Almost 20,000 pedestrian collisions, 534 casualties (-12,7%)
In 2019, 19,817 pedestrians were hit by vehicles (54 per day), two every hour. This led to 534 casualties (336 men and 198 women): the trend is dropping by 12.7% compared to 2018. At that time, 612 pedestrians were killed, whilst in 2017, 600 deaths had been recorded. In 2002, that is, one year before the license points system was introduced in Italy, 1,226 people were killed. Those figures were released by the third Annual Accident Report, including data about pedestrians, submitted by Asaps, (“Associazione Sostenitori Amici Polizia Stradale”, “Friends of the Traffic Police Support Association”), based on the 2019 figures by Aci-Istat. Last year, as much as 316 casualties involved people aged 65 and over (more than 60% of the total figures); this trend shows that the elderly are the most vulnerable road users. The number of injuries, including people severely affected, were 21,430 (+600 compared to 2018). Between 2005 and 2019, the number of citizens who needed to attend hospitals remained steady (between 20,000 and about 22,000 people). Asaps also points out that “too many people were hit” on pedestrian crossings, a figure representing 7,747 people (among them, 143 fatalities and 7,604 injuries); 4,535 (124 fatalities and 4,411 injuries) refers instead to the number of accidents caused by dangerous or abnormal pedestrian behaviour. January was the peak month for pedestrian collisions leading to fatalities (67), whereas May was the month with the lowest number of pedestrian fatalities (25). Good news: the number of fatalities dropped considerably in larger cities, from 154 in 2018 to 114 in 2019; Lombardy reported the highest number of fatalities (96), followed by Lazio (63), Emilia-Romagna (57) and Campania (47). According to Giordano Biserni, Chairman of Asaps: “It is a mixed trend. We noticed a drop in the number of fatalities, but not the same trend for injuries, including severe ones. We are also concerned about the growing number of road piracy cases. We need to invest more on illuminated road signs at pedestrian crossings, as well as on campaigns to increase awareness on the rules resulting in points reduction (8 points) if the driver doesn’t give way to pedestrians cross at crossings; we need a better road division and to amend the Traffic Code with new and more severe penalties”. Asaps also underlines that “more and more vehicles have new warning systems indicating the presence of obstacles and pedestrians. As of 2022, the Aebs system, the automatic emergency braking system, will be mandatory for newly registered vehicles. The system will stop a vehicle abruptly in the event of danger, thus saving the life of hundreds of pedestrians by avoiding collisions, also when drivers get distracted by mobile phones and hit pedestrians. This is indeed a common scenario on our roads”.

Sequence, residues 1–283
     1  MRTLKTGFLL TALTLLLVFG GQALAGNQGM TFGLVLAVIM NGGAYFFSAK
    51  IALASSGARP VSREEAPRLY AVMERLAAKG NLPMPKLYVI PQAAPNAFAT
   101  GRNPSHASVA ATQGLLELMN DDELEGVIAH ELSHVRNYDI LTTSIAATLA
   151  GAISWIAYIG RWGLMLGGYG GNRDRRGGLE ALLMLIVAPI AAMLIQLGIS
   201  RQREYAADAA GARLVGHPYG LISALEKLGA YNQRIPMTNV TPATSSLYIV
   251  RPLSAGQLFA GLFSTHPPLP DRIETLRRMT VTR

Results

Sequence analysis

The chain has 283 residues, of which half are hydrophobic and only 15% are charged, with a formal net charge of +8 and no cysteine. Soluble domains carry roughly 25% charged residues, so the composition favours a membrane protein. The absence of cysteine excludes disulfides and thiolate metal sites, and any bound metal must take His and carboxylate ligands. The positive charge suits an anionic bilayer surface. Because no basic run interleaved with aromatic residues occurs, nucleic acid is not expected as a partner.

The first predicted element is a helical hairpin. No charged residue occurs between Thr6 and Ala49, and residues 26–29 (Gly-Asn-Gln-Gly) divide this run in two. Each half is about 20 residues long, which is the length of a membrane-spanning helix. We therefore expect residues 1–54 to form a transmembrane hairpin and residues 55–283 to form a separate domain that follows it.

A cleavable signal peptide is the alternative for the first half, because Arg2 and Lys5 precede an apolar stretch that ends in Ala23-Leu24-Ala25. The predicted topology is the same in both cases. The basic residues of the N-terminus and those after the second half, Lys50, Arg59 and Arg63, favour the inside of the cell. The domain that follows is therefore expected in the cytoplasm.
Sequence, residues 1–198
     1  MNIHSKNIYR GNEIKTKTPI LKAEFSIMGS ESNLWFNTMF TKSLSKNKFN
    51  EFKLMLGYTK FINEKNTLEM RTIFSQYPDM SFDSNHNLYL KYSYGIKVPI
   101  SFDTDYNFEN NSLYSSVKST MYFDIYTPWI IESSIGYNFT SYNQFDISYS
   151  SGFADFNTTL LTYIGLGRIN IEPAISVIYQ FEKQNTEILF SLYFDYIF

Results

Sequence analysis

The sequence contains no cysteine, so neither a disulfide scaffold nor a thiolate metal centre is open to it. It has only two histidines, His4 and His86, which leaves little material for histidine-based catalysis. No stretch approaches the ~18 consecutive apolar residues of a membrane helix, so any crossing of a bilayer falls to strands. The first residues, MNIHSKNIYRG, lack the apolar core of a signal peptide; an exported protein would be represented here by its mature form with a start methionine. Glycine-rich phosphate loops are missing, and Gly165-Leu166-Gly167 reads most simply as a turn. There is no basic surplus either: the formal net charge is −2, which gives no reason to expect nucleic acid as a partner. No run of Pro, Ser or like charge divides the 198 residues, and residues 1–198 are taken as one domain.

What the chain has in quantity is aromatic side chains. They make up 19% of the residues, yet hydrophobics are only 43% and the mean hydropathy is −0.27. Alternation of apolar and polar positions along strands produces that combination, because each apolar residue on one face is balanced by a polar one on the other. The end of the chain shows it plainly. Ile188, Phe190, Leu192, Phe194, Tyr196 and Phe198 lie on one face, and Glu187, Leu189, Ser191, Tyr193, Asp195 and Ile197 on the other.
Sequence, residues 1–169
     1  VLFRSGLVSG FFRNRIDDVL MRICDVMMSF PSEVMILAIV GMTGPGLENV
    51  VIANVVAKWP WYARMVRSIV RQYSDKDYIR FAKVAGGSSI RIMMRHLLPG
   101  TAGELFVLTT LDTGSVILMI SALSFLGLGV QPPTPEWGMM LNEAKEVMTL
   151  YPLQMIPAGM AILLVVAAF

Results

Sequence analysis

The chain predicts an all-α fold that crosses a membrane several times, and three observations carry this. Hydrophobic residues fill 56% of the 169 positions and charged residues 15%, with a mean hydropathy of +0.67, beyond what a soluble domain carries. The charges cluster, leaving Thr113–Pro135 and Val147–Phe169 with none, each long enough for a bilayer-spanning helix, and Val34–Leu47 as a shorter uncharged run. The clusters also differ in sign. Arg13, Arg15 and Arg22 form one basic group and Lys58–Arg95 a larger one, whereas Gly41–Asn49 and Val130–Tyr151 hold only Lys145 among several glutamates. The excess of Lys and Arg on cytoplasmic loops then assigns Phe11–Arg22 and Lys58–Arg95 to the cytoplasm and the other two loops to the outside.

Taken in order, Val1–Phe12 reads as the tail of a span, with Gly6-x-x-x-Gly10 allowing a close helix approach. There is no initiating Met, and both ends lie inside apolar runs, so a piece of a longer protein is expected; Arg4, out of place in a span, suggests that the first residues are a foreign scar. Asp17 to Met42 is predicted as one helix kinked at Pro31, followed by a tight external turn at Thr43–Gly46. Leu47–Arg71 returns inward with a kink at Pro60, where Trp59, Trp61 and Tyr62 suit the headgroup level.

Source: Ansa – link